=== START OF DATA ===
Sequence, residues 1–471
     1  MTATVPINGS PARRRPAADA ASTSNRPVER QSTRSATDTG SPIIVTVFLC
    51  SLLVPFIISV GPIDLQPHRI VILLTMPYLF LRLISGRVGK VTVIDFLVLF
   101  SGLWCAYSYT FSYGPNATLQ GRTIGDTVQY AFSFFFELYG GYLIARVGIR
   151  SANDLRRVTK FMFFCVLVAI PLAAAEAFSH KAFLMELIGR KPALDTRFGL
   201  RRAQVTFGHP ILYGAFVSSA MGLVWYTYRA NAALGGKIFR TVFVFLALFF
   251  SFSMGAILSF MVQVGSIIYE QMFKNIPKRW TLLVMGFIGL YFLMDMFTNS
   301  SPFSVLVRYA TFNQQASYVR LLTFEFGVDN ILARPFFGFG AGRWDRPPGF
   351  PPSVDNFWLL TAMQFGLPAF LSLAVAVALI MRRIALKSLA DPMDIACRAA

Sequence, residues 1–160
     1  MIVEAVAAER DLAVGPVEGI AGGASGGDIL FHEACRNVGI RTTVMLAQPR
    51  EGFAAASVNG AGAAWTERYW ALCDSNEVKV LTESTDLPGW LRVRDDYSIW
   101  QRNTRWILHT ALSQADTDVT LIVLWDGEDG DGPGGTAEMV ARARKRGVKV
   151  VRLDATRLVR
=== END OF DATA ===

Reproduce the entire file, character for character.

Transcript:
Sequence, residues 1–471
     1  MTATVPINGS PARRRPAADA ASTSNRPVER QSTRSATDTG SPIIVTVFLC
    51  SLLVPFIISV GPIDLQPHRI VILLTMPYLF LRLISGRVGK VTVIDFLVLF
   101  SGLWCAYSYT FSYGPNATLQ GRTIGDTVQY AFSFFFELYG GYLIARVGIR
   151  SANDLRRVTK FMFFCVLVAI PLAAAEAFSH KAFLMELIGR KPALDTRFGL
   201  RRAQVTFGHP ILYGAFVSSA MGLVWYTYRA NAALGGKIFR TVFVFLALFF
   251  SFSMGAILSF MVQVGSIIYE QMFKNIPKRW TLLVMGFIGL YFLMDMFTNS
   301  SPFSVLVRYA TFNQQASYVR LLTFEFGVDN ILARPFFGFG AGRWDRPPGF
   351  PPSVDNFWLL TAMQFGLPAF LSLAVAVALI MRRIALKSLA DPMDIACRAA

Sequence, residues 1–160
     1  MIVEAVAAER DLAVGPVEGI AGGASGGDIL FHEACRNVGI RTTVMLAQPR
    51  EGFAAASVNG AGAAWTERYW ALCDSNEVKV LTESTDLPGW LRVRDDYSIW
   101  QRNTRWILHT ALSQADTDVT LIVLWDGEDG DGPGGTAEMV ARARKRGVKV
   151  VRLDATRLVR